Sport, parks and leisure - Gyms could get payouts on business interruption insurance following high court ruling ...
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18 Sep 2020

Gyms could get payouts on business interruption insurance following high court ruling
BY Tom Walker

It is estimated that hundreds of gym operators, who had to close their doors for four months, are among the 370,000 policyholders who have paid for business interruption protection

It is estimated that hundreds of gym operators, who had to close their doors for four months, are among the 370,000 policyholders who have paid for business interruption protection
photo: Shutterstock.com/Edvard Nalbantjan

Hundreds of thousands of small companies in the UK – including those operating in fitness and leisure – are set to receive payouts on interruption insurance policies, following a high court judgment in a test case brought by the Financial Conduct Authority (FCA).

The case examined the policy wording of eight major insurers to decide whether or not the COVID-19 pandemic should trigger a business interruption insurance (BI) pay out.

Overseen by Lord Justice Flaux, the review focused on eight insurers – Arch, Argenta, Ecclesiastical, MS Amlin, Hiscox, QBE, RSA and Zurich – and the court’s rulings are expected to apply to nearly 50 insurers, who have sold insurance to 370,000 customers, many of which are small businesses.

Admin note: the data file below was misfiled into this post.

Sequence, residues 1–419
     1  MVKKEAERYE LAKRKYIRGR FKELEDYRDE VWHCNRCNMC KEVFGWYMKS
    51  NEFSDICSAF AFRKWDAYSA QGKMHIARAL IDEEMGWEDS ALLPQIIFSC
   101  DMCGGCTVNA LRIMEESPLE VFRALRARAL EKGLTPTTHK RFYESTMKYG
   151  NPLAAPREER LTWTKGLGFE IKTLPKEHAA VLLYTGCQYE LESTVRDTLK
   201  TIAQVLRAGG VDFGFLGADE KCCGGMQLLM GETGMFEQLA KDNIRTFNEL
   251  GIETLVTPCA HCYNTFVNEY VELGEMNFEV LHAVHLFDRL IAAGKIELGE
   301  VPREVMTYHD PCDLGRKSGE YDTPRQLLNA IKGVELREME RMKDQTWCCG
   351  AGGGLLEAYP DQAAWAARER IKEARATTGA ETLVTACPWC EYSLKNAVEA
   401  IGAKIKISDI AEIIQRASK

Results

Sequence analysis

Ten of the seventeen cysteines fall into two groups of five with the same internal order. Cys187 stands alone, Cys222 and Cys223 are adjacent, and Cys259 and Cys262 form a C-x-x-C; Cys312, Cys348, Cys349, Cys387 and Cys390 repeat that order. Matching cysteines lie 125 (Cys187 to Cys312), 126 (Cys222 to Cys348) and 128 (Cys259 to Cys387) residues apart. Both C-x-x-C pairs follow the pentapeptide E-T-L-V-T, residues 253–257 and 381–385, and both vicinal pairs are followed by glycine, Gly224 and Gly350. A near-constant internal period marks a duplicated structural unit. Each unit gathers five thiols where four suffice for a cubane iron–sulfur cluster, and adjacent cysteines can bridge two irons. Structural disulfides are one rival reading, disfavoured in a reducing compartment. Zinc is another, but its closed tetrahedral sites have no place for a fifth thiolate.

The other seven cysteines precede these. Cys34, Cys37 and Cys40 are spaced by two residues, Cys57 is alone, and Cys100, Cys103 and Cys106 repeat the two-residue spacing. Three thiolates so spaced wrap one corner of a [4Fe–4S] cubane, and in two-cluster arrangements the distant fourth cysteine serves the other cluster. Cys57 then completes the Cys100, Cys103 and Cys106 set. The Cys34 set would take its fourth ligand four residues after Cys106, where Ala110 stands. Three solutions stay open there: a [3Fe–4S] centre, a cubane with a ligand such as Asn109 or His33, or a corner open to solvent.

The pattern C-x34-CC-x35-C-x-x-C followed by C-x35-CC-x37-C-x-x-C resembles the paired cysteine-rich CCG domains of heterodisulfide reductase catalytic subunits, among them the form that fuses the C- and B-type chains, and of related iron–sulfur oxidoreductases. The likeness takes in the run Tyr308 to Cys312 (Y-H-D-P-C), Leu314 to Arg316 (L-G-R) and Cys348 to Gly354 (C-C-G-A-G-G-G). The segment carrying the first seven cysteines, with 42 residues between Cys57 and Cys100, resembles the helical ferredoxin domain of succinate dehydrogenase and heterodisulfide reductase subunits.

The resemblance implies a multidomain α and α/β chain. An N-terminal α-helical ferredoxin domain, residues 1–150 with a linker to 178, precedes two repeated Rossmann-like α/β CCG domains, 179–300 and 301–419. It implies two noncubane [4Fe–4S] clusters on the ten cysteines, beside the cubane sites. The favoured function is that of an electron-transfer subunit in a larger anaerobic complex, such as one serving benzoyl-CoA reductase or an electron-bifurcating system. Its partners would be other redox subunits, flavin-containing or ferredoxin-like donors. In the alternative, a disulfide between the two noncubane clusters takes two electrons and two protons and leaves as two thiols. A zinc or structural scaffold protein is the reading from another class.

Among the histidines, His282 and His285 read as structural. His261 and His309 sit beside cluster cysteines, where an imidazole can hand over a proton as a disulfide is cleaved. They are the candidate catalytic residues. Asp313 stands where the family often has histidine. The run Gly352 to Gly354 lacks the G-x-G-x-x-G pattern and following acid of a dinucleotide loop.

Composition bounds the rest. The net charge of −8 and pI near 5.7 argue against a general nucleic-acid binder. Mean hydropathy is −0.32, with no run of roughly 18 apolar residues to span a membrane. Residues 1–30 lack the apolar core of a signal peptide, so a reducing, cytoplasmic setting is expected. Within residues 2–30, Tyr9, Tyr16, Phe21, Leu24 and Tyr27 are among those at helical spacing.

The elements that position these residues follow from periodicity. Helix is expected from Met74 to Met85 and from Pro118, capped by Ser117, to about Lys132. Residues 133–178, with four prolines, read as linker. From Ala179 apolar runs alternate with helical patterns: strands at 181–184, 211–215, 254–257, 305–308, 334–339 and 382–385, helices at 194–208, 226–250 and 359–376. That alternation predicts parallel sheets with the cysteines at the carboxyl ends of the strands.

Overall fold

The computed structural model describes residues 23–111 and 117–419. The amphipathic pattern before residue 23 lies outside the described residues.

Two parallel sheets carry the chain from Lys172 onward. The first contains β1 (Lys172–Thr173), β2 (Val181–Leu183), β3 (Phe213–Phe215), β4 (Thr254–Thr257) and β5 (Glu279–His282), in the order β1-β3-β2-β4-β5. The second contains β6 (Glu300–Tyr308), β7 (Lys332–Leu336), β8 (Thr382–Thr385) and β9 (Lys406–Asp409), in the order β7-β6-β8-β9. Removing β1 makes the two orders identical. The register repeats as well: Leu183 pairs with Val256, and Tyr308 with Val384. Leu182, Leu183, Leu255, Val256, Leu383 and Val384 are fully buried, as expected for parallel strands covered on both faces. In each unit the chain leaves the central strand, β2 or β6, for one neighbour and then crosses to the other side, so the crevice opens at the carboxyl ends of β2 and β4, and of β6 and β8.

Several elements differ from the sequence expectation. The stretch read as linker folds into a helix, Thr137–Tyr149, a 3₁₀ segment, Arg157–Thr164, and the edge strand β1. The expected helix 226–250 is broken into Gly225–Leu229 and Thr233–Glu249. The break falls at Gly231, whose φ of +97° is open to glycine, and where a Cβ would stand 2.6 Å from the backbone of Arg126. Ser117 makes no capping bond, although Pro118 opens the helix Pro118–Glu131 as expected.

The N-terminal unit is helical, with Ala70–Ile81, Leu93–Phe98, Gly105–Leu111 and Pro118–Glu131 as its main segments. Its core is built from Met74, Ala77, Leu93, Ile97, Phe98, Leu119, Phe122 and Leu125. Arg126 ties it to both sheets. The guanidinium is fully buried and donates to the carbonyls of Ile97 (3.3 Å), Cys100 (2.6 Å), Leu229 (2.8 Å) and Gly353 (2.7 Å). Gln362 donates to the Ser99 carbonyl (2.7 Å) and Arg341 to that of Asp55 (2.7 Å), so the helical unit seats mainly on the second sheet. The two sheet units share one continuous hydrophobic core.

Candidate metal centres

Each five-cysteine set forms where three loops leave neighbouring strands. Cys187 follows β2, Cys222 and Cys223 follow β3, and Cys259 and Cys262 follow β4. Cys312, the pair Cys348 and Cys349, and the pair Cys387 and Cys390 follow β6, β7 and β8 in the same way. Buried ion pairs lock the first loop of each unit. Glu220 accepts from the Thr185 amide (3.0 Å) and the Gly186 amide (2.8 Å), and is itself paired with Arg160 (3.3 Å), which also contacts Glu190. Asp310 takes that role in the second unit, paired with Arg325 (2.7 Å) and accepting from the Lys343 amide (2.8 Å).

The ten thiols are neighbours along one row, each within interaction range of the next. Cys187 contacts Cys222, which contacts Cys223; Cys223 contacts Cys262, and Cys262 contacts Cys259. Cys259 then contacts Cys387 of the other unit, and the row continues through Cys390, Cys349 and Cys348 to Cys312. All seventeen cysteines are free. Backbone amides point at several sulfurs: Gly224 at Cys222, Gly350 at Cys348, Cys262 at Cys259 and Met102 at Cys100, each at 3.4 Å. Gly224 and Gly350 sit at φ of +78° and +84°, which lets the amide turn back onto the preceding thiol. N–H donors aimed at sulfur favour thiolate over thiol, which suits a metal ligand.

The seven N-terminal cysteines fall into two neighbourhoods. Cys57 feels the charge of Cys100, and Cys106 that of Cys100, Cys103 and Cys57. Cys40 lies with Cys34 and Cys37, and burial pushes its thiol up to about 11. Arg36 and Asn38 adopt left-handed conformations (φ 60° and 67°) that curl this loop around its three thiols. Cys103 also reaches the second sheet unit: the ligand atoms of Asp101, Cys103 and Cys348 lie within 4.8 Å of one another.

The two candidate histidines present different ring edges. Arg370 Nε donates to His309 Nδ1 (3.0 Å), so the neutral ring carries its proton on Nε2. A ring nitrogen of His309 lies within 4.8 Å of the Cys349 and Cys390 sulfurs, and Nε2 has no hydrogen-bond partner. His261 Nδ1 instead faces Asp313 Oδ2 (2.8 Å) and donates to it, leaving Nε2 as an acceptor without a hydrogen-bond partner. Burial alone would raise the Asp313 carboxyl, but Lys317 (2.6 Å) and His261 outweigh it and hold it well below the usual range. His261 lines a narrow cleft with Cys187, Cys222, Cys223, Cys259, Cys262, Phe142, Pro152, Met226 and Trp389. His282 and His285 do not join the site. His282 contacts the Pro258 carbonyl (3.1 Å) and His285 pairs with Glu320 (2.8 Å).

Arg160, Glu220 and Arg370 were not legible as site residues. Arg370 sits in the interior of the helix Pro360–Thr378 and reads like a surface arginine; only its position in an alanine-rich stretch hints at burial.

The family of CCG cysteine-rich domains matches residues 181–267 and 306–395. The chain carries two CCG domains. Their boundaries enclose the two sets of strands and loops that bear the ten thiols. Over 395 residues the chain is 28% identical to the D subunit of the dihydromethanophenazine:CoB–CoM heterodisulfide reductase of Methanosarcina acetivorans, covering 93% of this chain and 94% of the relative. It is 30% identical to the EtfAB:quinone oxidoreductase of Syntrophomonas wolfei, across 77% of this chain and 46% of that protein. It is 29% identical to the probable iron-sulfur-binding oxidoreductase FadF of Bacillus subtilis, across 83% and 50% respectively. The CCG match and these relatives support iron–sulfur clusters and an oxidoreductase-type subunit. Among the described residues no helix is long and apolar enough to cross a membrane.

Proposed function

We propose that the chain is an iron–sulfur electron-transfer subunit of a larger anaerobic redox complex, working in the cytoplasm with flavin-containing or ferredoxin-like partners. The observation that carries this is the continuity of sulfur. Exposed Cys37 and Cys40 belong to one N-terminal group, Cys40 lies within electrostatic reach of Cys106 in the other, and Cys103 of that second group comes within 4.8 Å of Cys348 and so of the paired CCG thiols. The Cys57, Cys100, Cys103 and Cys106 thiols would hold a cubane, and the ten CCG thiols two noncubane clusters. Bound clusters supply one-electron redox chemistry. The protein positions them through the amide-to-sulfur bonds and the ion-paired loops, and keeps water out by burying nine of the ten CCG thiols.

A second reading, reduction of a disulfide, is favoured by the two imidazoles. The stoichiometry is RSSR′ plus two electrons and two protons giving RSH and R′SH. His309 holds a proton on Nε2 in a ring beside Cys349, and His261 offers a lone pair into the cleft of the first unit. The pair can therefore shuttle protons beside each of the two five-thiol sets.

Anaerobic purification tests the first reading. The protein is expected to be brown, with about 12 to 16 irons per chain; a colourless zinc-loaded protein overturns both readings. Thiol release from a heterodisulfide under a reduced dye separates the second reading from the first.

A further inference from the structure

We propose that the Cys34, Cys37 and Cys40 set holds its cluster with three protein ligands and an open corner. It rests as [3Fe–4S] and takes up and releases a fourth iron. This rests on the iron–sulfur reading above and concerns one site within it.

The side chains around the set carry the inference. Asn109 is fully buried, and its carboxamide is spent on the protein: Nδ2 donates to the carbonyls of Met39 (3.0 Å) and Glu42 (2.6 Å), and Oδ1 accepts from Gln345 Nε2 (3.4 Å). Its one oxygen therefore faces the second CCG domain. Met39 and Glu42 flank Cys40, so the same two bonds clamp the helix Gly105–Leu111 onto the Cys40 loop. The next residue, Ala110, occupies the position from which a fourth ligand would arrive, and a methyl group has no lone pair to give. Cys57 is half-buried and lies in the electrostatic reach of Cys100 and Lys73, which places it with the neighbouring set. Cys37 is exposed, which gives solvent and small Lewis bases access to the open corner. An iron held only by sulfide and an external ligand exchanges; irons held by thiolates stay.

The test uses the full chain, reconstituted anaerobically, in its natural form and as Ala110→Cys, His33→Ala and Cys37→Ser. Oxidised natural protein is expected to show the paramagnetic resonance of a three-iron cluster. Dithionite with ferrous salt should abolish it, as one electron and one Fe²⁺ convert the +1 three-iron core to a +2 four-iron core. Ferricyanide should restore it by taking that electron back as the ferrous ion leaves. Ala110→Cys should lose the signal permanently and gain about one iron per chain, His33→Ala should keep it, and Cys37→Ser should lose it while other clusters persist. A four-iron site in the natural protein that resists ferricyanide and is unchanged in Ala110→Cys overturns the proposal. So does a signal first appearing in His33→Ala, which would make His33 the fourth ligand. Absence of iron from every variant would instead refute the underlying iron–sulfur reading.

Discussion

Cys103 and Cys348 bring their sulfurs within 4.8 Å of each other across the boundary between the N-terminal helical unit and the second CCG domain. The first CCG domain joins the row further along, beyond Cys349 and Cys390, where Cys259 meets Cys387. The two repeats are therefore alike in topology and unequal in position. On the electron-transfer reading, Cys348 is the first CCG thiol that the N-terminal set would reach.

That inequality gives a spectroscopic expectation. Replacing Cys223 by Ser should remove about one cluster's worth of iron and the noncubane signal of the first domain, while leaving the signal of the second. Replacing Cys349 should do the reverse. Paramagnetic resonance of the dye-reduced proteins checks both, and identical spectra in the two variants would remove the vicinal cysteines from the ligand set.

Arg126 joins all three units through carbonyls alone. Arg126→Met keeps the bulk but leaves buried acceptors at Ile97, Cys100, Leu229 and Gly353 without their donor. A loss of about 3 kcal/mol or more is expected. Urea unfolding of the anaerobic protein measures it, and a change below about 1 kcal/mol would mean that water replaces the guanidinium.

Most small and medium-sized (SME) BI policies focus on property damage and only have basic cover for interruptions as a consequence of property damage.

But some policies also cover for BI from other causes, in particular infectious or notifiable diseases (‘disease clauses’) and non-damage denial of access and public authority closures or restrictions (‘denial of access clauses’).

In some cases, insurers have accepted liability under these policies. In other cases, insurers have disputed liability while policyholders considered that it existed, leading to widespread concern about the lack of clarity and certainty.

The FCA sought to provide clarity on the "grey areas" within the disease and/or denial of access clauses – and whether the COVID-19 pandemic should trigger a payout.

In its 150-page judgement, the High Court ruled in favour of the FCA, saying that most, but not all, of the disease clauses provide cover.

"We brought the test case in order to resolve the lack of clarity and certainty that existed for many policyholders making business interruption claims and the wider market," said Christopher Woolard, interim CEO of the FCA.

"We're pleased that the Court has substantially found in favour of the arguments we presented on the majority of the key issues.

"Today’s judgment is a significant step in resolving the uncertainty being faced by policyholders. We are grateful to the court for delivering the judgment quickly and the speed with which it was reached reflects well on all parties.

"Insurers should reflect on the clarity provided here and, irrespective of any possible appeals, consider the steps they can take now to progress claims of the type that the judgment says should be paid.

"They should also communicate directly and quickly with policyholders who have made claims affected by the judgment to explain next steps."

The FCA is now calling on all BI policy holders to follow updates on its dedicated business interruption insurance website (to visit the page, click here), as it is likely that the defendant insurers will appeal the high court judgement.

• To learn more about the hight court judgement, click here.



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